School districts unite to fight steep education cuts

AUSTIN -- School officials from across the state staged a unified show of force Monday for a movement that started in the Aledo school district as they called on lawmakers to spare public schools from billions of dollars in funding cuts.

United behind the slogan "Make Education a Priority," leaders of local school districts said the draft state budgets unveiled over the last two weeks could have a disastrous effect on education, raising the prospect of massive layoffs and school closures throughout Texas.

"Don't balance this budget on the backs of the schoolchildren of Texas," said Dr. John Folks, superintendent of the Northside school district in San Antonio. He called the cuts "totally irresponsible."

The preliminary budgets, which legislators will use as a starting point for a two-year spending plan, call for up to $9.8 billion in public education cuts over the 2012-13 fiscal biennium. One education expert has projected that the cuts could force school districts to lay off up to 100,000 employees statewide.

The Make Education a Priority campaign began in midsummer in North Texas when supporters of the Aledo district set up a tent and began collecting signatures to draw attention to the state's school funding crisis. Since then, 549 of the state's 1,024 school districts have joined the campaign, including at least a half-dozen in North Texas.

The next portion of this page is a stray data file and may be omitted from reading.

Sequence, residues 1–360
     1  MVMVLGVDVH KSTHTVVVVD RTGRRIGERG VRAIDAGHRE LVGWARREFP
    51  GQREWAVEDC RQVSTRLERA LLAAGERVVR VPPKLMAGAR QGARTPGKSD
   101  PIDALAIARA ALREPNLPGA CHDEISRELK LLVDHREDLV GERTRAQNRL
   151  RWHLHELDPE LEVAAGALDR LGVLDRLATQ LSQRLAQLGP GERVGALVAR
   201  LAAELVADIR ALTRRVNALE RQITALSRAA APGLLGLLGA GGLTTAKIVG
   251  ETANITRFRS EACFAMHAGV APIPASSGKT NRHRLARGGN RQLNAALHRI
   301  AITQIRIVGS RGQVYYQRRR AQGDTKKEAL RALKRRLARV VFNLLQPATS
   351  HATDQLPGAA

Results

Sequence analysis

"One by one, this shows what thousands of people can do when they come together," said Bobby J. Rigues, vice president of the Aledo school board.

School officials packed a news conference at the midwinter meeting of the Texas Association of School Administrators to tout the goals of the effort, some of them holding placards emblazoned with the campaign slogan.

Speakers stood alongside a table piled with boxes containing more than 5,000 letters. A giant Texas map at the front of the room displayed hundreds of red dots showing local school districts that support the effort.

Rigues and other officials said the show of unity among school boards is virtually unprecedented and illustrates the seriousness of the funding shortfall facing school districts. Folks, of Northside, said the proposed budget would force a 28 percent cut in his district.

The proposed budget cuts follow years of district belt-tightening after the state's target revenue system froze funding at 2005-06 levels, TASA officials said.

School officials are urging lawmakers to tap into the state's rainy day fund and look for new revenue sources, such as lifting certain sales tax exemptions, to bolster funding for education.

The rainy day fund, officially known as the Economic Stabilization Fund, is expected to reach $9.4 billion by the end of the 2012-13 biennium, but Gov. Rick Perry and other state leaders have opposed drawing from the fund, saying that the reserves may be needed for even tougher times down the road.

Perry, Lt. Gov. David Dewhurst and House Speaker Joe Straus have also made new or increased taxes off-limits as lawmakers try to balance the budget with new revenue. State lawmakers are facing a projected budget shortfall that has been estimated from $12 billion to as high as $27 billion.

Dave Montgomery is the Star-Telegram's Austin Bureau chief.